By ZombiePie 12 Comments
Hey everyone, before I transition into a new Final Fantasy blog series, I thought I'd give general blogging a quick try. Now, relax, I have big plans for 2020 in regards to my Final Fantasy blog series. Obviously, I'm not going to pretend the Final Fantasy VII Remake isn't around the corner, and that can only mean I have to go down the dark rabbit that is the "Compilation of Final Fantasy VII." However, if you were wondering, my next "traditional" series will be for Final Fantasy V.
With regards to this blog at hand, I decided to have a go at the whole "Game of the Decade" gimmick, but with my own spin. Instead of systematically ranking my favorite games from the 2010s, I'm handing out "superlatives" to what I think are the notable moments and events of the decade. Undoubtedly, there's a decent amount of "wiggle room" when it comes to several of my awards. So, please keep that in mind, and if you can think of a game that is more deserving of any of my personal choices, feel free to drop a comment. Also, if you enjoyed this blog, here's a link to the second part:
Best Dark Middle Chapter - Mass Effect 2
The original Mass Effect will always be near and dear to my heart. However, after rewatching Alex's hilarious playthrough, even I have to admit it's a bit "limiting" in terms of scope and tone. The universe of Mass Effect 1 feels more like a love letter to a bygone era of science fiction than a wholly realized first step for a multi-media franchise. It's sterile and shockingly monotonous, and luckily for all involved, BioWare knew this and learned from it. No game did more to set up the industry tradition last decade for massive video game trilogies quite like Mass Effect 2. The game was a media sensation and did more to establish BioWare as a pre-eminent game studio than any other game in their catalog. And I say that as someone who still thinks their best RPG is Baldur's Gate II: Throne of Bhaal. But Mass Effect 2 was unique. It had grit as well as a bubbly crew of characters you never wanted to see go away.
There are a lot of ways one can characterize Mass Effect 2's legacy, and I'm not about to issue grandiose soliloquies on what I think that may be. What Mass Effect 2 does deserve extensive credit for, is doing more to set the tone and mood of an entire franchise and breeding a new generation of gamers interested in science fiction and role-playing. Mass Effect 2 didn't just set high expectations of what future entries of the franchise could hold; it also set a new standard for trilogies regardless of their respective genre. The game's proverbial "Suicide Mission" is an iconic final act to a game that riveted audiences with jaw-dropping set-pieces, one after another. Few games from the previous decade felt as complete as Mass Effect 2 did, and that's despite a few granular nitpicks about its de-emphasis on traditional role-playing structures and tropes.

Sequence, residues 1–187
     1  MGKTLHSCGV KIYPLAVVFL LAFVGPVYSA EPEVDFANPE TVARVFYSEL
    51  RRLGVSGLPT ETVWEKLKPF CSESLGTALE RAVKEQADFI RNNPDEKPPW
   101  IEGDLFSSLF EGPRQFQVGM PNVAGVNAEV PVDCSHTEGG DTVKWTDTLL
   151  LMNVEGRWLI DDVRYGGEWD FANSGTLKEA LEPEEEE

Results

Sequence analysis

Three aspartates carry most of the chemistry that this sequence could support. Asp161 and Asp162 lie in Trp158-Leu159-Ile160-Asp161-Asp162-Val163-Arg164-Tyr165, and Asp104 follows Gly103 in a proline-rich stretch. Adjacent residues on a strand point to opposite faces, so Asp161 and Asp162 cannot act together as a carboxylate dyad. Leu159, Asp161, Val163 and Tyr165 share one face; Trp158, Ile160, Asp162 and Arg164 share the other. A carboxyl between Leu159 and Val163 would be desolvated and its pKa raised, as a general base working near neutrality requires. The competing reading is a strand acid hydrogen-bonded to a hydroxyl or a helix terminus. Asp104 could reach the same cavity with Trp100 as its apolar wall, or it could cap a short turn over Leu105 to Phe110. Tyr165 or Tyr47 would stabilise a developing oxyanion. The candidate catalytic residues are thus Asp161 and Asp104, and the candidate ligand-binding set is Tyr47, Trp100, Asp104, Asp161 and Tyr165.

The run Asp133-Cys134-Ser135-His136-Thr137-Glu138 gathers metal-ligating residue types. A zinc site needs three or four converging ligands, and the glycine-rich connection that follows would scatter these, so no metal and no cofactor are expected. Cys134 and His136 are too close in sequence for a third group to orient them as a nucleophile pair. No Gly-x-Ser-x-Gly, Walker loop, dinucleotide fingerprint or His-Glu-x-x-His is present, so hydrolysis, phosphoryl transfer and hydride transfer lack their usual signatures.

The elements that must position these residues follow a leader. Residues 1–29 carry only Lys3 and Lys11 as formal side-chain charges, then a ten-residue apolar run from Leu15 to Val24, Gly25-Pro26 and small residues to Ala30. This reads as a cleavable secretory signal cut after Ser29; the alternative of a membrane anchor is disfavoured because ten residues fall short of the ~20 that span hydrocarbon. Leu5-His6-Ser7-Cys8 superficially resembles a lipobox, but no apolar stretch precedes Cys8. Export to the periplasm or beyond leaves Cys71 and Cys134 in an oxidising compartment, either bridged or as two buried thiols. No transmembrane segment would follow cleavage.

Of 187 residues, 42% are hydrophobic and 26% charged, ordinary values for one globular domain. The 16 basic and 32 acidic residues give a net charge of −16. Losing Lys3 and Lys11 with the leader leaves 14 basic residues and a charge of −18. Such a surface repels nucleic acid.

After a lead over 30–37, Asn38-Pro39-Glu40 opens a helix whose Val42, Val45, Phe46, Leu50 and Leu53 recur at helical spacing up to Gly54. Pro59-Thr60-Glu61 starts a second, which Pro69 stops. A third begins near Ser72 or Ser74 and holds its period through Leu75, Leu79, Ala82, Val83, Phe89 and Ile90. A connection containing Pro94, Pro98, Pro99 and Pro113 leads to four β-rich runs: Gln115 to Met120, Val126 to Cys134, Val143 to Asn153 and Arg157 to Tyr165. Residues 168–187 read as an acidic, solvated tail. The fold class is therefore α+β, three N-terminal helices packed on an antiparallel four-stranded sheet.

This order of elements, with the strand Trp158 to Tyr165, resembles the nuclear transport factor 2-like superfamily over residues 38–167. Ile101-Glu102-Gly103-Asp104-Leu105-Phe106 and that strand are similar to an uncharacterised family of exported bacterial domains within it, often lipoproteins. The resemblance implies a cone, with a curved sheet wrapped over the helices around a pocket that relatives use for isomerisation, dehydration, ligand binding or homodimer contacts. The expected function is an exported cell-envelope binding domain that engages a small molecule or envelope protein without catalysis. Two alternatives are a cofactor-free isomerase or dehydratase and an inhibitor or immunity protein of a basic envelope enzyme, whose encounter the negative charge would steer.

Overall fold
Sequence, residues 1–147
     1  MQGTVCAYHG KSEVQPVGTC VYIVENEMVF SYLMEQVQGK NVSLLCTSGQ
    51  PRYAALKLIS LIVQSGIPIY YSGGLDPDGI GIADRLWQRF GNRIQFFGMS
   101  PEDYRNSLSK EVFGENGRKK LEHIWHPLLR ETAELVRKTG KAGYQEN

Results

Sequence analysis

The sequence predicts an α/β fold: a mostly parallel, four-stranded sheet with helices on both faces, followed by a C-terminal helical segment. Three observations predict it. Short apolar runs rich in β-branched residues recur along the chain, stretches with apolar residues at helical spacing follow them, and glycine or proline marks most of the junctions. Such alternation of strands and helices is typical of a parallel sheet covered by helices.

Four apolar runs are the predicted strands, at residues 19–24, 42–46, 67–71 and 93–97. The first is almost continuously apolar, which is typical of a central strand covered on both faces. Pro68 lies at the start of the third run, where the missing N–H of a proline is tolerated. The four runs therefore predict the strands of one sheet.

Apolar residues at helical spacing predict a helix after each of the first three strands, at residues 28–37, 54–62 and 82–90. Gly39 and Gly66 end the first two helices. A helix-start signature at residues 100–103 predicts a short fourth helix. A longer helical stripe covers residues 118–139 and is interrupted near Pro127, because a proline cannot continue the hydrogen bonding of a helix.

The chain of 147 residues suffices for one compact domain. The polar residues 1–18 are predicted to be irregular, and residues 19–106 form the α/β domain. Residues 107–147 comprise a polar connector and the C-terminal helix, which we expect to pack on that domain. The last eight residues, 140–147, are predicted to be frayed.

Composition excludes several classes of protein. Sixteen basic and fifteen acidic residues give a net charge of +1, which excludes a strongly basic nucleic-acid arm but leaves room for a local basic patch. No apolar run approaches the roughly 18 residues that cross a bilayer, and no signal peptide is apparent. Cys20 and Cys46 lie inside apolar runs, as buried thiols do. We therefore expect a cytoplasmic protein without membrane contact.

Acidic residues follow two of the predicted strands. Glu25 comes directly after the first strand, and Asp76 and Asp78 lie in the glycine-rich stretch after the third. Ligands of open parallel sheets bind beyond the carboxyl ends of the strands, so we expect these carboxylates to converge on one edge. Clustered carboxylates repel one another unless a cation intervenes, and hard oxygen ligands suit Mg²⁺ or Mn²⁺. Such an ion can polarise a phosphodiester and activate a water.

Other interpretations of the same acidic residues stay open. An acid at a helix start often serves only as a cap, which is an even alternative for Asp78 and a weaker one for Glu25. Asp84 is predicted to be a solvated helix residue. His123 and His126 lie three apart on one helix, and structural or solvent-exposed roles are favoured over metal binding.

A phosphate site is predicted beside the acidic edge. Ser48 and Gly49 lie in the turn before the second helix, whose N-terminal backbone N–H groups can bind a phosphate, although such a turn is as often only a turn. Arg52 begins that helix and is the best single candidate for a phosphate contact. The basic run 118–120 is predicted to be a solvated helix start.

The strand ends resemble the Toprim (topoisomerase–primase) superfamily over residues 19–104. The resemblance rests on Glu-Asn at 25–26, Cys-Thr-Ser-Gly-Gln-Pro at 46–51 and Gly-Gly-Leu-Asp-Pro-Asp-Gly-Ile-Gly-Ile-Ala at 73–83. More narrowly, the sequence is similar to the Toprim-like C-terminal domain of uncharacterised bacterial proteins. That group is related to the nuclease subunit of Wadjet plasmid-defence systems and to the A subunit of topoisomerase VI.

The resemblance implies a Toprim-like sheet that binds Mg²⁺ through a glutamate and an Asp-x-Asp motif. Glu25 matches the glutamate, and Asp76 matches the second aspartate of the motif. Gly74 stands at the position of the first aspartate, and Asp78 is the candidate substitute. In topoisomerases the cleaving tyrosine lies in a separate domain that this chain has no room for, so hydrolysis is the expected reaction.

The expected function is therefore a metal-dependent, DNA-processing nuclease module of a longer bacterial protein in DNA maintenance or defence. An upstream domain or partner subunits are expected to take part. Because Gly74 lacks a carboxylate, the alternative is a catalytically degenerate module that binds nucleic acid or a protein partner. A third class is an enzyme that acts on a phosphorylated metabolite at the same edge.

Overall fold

Runner-up: The Witcher 2
While most would consider The Witcher 3: Wild Hunt to be the emotional high-water mark of the franchise, the series' second outing deserves credit for getting all of its shit together. Also,
Game Which Best Demonstrates The Benefits Of Crowdfunding - FTL: Faster Than Light
As you can see below, the runner-up for this category is Shovel Knight, and while I probably would say it is a "better" game, FTL: Faster Than Light still gets this award for a variety of reasons. For one thing, I don't think FTL would have been given the "green light" in the previous decade without the advent of Kickstarter. While many, including myself, will claim we are currently under siege by an endless deluge of indie roguelikes, there's no denying how much of a breath of fresh air FTL was at the time of its release. Back then, the roguelike genre was primarily "inside baseball" for a majority of gamers. Moreover, FTL perfectly showed how having modest goals with realistic expectations was a recipe for success on Kickstarter. Unlike many fool-hardy Kickstarter developers, the makers of FTL never promised backers the world.